The United States District Court for the District of New Jersey was recently asked to determine whether to uphold a New Jersey law requiring merchants to collect zip code information from purchasers of gift cards – which are also known as “stored value cards” (“SVC”).  New Jersey Retail Merch. Assoc. v. Sidamon-Eristoff, No. 10-5059. The purpose of collecting this information was to establish that the card was purchased in New Jersey. Having established that, if the card were not redeemed within a certain period, it would become the property of the State of New Jersey by the legal principle known as, escheat.

A group of plaintiffs led by the New Jersey Retail Merchants Association sued Andrew Sidamon-Eristoff, the Treasurer of the State of New Jersey on the grounds that the law placed an unfair burden on merchants.  The plaintiffs sought a temporary restraining order preventing the State from enforcing the portion of the law requiring merchants to collect zip code information from purchaser of SVCs at the time of sale (the “data collection provision”).  A different portion of the law – which presumed that if no zip code information was available, the presumption would be that it was purchased in New Jersey (the “place-of-purchase presumption”) – was held unconstitutional by the same District Court in an earlier proceeding.  The plaintiffs argued that the data collection provision was similarly unconstitutional on the grounds that it was so interrelated to the place-of-purchase presumption that the two could not be severed.

The District Court held that the requirement to obtain zip code information was “entirely independent from what presumption is applied when no zip code is actually obtained, and the place-of-purchase presumption is applied.”  Id. at *11.  The court reasoned that removing the place-of-purchase presumption placed the focus on the residence of the purchaser/owner of the SVC rather than on the location where the SVC was purchased.  The court also reasoned that upholding the data collection provision furthered the objective of the law, which was to reunite purchasers/owners with their abandoned property.  The court determined that the collection of zip code information assisted in fulfilling that objective.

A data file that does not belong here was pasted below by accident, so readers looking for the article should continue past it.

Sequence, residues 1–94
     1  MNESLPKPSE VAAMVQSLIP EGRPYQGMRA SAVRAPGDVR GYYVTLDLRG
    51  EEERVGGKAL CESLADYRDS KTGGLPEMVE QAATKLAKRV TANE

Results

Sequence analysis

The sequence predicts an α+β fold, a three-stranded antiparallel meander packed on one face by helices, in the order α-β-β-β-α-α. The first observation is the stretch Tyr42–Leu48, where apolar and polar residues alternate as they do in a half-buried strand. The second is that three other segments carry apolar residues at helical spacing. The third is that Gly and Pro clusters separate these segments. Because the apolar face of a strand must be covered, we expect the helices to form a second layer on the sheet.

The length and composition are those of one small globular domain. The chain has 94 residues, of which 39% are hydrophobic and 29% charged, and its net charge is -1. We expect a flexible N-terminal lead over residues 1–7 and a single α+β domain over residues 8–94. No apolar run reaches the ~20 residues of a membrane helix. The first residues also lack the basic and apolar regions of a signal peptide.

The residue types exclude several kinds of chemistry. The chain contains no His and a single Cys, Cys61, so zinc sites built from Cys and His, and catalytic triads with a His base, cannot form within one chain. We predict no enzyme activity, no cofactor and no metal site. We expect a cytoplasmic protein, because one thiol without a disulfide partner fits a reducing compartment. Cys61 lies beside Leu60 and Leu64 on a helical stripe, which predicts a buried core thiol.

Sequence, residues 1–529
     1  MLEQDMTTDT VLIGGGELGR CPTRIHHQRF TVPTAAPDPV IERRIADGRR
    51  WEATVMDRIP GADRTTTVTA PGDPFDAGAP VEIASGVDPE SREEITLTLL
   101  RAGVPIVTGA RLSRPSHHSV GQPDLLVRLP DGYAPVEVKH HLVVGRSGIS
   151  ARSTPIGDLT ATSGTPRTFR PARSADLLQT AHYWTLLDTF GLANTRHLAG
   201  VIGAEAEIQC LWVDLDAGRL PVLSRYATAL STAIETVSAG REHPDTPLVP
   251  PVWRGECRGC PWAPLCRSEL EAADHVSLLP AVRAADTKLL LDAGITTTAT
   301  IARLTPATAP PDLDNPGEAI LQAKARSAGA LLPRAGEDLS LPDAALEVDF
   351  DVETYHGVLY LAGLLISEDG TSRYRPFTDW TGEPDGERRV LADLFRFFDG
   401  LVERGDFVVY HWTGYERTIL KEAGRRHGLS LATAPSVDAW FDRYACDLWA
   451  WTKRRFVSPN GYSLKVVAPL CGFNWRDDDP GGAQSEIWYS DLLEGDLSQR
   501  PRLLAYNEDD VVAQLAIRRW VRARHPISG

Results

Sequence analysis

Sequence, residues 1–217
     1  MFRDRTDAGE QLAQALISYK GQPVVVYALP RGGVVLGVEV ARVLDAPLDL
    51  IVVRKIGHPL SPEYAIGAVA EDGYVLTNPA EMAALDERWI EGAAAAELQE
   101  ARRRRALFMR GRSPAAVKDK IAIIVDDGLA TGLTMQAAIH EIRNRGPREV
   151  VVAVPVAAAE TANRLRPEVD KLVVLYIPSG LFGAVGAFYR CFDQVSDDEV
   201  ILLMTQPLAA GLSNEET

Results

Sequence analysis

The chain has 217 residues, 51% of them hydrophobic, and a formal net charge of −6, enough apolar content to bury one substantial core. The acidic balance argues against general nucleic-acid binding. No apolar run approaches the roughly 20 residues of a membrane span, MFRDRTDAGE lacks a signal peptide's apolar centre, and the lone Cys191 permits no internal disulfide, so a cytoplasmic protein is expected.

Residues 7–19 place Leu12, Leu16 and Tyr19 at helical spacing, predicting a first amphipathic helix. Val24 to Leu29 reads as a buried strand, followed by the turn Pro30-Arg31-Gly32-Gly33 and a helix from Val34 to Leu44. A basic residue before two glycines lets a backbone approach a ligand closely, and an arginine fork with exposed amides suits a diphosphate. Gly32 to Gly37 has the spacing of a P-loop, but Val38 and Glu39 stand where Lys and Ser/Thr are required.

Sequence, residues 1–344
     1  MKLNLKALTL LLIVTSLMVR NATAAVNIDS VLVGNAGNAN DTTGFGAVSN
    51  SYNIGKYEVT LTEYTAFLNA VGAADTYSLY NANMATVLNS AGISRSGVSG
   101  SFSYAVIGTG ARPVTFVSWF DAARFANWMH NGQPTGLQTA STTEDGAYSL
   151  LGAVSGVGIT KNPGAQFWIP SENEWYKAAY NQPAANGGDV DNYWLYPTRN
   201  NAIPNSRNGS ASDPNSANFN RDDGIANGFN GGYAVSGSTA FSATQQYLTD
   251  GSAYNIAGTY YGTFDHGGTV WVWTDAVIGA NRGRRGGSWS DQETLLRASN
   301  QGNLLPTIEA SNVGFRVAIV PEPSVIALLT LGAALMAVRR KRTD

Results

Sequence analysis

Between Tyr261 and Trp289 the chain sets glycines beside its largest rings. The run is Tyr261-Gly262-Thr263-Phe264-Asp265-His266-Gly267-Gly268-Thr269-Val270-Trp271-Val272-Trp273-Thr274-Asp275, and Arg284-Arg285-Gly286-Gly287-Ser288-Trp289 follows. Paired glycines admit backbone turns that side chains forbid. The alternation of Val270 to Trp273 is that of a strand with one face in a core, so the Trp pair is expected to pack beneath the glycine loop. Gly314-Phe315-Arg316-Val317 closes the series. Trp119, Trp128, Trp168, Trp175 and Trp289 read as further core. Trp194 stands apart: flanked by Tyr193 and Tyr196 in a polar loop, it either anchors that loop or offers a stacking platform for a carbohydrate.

The District Court also examined decisions of the United States Supreme Court and determined that the Supreme Court consistently held that it is the purchaser’s last known address that determines which state has the right to “escheat” – acquire title to property for which there is no owner – and “the data collection provision focuses on that key location.”  Id. at *16.  The District Court noted that in the cases it analyzed, the Supreme Court refused to permit other states – such as Pennsylvania and Delaware – to presume that all property purchased in the state had been purchased by a state resident even when no address was on record.  The Supreme Court created a method to govern the escheat of intangible property by creating the Texas priority scheme, beginning with its decision in Texas v. New Jersey, 85 S.Ct. 626 (1965).

The Texas priority scheme has two rules.  The “primary rule” states that, “the right and power to escheat the debt should be accorded to the State of the creditor’s last known address as shown by the debtor’s books and records.”  The “secondary rule” states that, “where the creditor’s last known address is unknown, or where the last known address is in a state that does not provide for the escheat of the abandoned property . . .  the right to escheat [goes] to the debtor’s State of corporate domicile.”  Per the court, the Texas line of cases clearly authorized states to require issuers of intangible property to collect the last known address of the purchaser and to rely on that address in reuniting the purchaser with her abandoned property.

In conclusion, the District Court held that the data collection provision was entirely severable from the place-of-purchase presumption and that there was no interdependence between the two provisions.  The District Court also held that “collection of the purchaser’s last known address has been sanctioned by the United States Supreme Court and is integral to the Texas priority scheme.”  Id. at *17.  As a result, the District Court denied the plaintiffs’ motion for a temporary restraining order.


© 2011 Nissenbaum Law Group, LLC

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